This is one of our favourite subjects because we believe that the ability to be creative is the crux of any kind of innovative progress that happens in any field, whether it be medicine, engineering or science and definitely the arts. In fact connecting the dots as you see them in any field in a very creative manner and push the envelope towards new ideas requires a tremendous amount of creativity.
The question to be asked is whether creativity is innate or learned. We believe that it is something that can be taught and developed, even if some people are at the start more able to connect the dots, and use seemingly unrelated matters to generate new ideas. At the end of the day, we are not re-inventing the wheel, everything is there for you, as a palette of eight colours, but how you combine them is the creative skill that can be developed. A lot of our education system unfortunately ends up limiting our understanding to the notion of the eight first colours, instead of creating an environment of learning, combination and experimentation that are so essential to innovation.
We use Art as a basic tool. You could be reading a newspaper article on the current status of the financial market and another article on an avant-garde performance at Brooklyn Academy of Music in New York. How you can relate the information in the two articles in a way that will give you an idea, as a seed to move on and create something new. This is an ability in which some do better than others but all can train to become better still.
Whatever the business, it’s important not to restrict oneself to how anything has been done in the past. A creative mind-set makes people willing to re-shape their assumptions at a deep level about what would be an effective and exciting way to reach for their goals.
Many artists don’t like to deal with publicity, organizational logistics and financials as they take time away from the specialized creative endeavors they are passionate about. Do you think that creative musicians and dancers can also be creative marketers and financiers? In other words do you see the performers or musicians themselves as entrepreneurs or are other enablers such as producers more suited to handling the business aspects of performance?
Just as the Creativity question, is one born an entrepreneur or is made into one ?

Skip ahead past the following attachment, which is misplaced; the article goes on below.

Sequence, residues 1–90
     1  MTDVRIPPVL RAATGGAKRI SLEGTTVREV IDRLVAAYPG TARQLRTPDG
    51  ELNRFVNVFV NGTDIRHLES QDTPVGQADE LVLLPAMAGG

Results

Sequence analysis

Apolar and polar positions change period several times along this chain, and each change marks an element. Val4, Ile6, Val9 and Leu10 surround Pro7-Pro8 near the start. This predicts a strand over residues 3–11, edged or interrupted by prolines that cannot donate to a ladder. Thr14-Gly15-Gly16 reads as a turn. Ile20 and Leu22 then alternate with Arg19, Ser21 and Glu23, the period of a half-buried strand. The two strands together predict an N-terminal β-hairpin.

We artists, and we take ourselves as examples here, we love the creative process making music or choreography rather than running a business. However if we apply what we know as creative artists into the business world, it makes us entrepreneurs of a quite unique flavor.
Entrepreneurship is adaptable to whatever you are trying to sell. We will not sell our music or performance as a business man selling hotels, but as creative musician or choreographer. That way we can be unique entrepreneurs with unique start-up ideas indigenous to our genres.
We have become entrepreneurs first by deeply realising our artistic identity and then by creating an entity that will support that identity. This transition from identity to entity is Sophia’s own process as an artist and entrepreneur who represents other artists in her company called APLAUD.
Artists leading a start-up have to be business people to support their activity. It would be ideal to find entrepreneurial partners who thrive working on business questions and who want to create new business approaches for a performing company.
What are the challenges faced by artists entering the field of entrepreneurship?
Like going on stage in a premiere, the main challenge is overcoming fear. As artists we are definitely not taught to be entrepreneurs, dealing with money sometimes is incredibly difficult for artists. It requires a tremendous amount of discipline to brand and sell yourself.
So we would say gaining confidence in entrepreneurship is primarily what is needed. Psychological training is definitely required, as is networking with other successful artists and learning from them. In our experience lawyers can be very supportive too, helping you validate and set the backbone so you can get from a to b to c, to d.
Good business advice and a good support group will elevate confidence to a point that you can actually sell yourself, promote your arts organization and learn how to translate artistic and cultural value into financial value.